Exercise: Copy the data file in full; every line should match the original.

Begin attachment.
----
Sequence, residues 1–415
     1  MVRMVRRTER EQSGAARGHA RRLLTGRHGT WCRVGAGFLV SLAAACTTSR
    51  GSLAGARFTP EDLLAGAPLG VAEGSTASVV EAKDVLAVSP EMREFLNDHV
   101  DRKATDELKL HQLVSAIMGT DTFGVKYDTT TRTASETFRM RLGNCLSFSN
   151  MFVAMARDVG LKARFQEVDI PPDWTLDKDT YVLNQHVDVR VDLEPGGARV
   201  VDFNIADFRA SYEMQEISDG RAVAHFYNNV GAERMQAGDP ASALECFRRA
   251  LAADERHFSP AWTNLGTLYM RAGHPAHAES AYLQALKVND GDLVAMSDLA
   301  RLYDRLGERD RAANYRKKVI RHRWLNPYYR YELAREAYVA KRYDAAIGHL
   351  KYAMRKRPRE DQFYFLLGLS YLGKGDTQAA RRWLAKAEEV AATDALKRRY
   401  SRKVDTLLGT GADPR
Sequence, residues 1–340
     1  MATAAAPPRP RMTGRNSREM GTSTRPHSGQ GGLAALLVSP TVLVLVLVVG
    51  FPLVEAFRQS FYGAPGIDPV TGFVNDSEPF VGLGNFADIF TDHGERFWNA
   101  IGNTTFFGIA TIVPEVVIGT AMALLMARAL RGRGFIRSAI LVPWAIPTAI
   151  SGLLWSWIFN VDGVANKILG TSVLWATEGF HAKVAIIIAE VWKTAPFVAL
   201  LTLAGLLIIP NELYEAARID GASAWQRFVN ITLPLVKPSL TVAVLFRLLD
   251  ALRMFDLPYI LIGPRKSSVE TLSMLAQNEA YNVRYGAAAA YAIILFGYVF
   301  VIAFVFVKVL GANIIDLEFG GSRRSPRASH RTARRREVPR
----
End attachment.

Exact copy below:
Sequence, residues 1–415
     1  MVRMVRRTER EQSGAARGHA RRLLTGRHGT WCRVGAGFLV SLAAACTTSR
    51  GSLAGARFTP EDLLAGAPLG VAEGSTASVV EAKDVLAVSP EMREFLNDHV
   101  DRKATDELKL HQLVSAIMGT DTFGVKYDTT TRTASETFRM RLGNCLSFSN
   151  MFVAMARDVG LKARFQEVDI PPDWTLDKDT YVLNQHVDVR VDLEPGGARV
   201  VDFNIADFRA SYEMQEISDG RAVAHFYNNV GAERMQAGDP ASALECFRRA
   251  LAADERHFSP AWTNLGTLYM RAGHPAHAES AYLQALKVND GDLVAMSDLA
   301  RLYDRLGERD RAANYRKKVI RHRWLNPYYR YELAREAYVA KRYDAAIGHL
   351  KYAMRKRPRE DQFYFLLGLS YLGKGDTQAA RRWLAKAEEV AATDALKRRY
   401  SRKVDTLLGT GADPR
Sequence, residues 1–340
     1  MATAAAPPRP RMTGRNSREM GTSTRPHSGQ GGLAALLVSP TVLVLVLVVG
    51  FPLVEAFRQS FYGAPGIDPV TGFVNDSEPF VGLGNFADIF TDHGERFWNA
   101  IGNTTFFGIA TIVPEVVIGT AMALLMARAL RGRGFIRSAI LVPWAIPTAI
   151  SGLLWSWIFN VDGVANKILG TSVLWATEGF HAKVAIIIAE VWKTAPFVAL
   201  LTLAGLLIIP NELYEAARID GASAWQRFVN ITLPLVKPSL TVAVLFRLLD
   251  ALRMFDLPYI LIGPRKSSVE TLSMLAQNEA YNVRYGAAAA YAIILFGYVF
   301  VIAFVFVKVL GANIIDLEFG GSRRSPRASH RTARRREVPR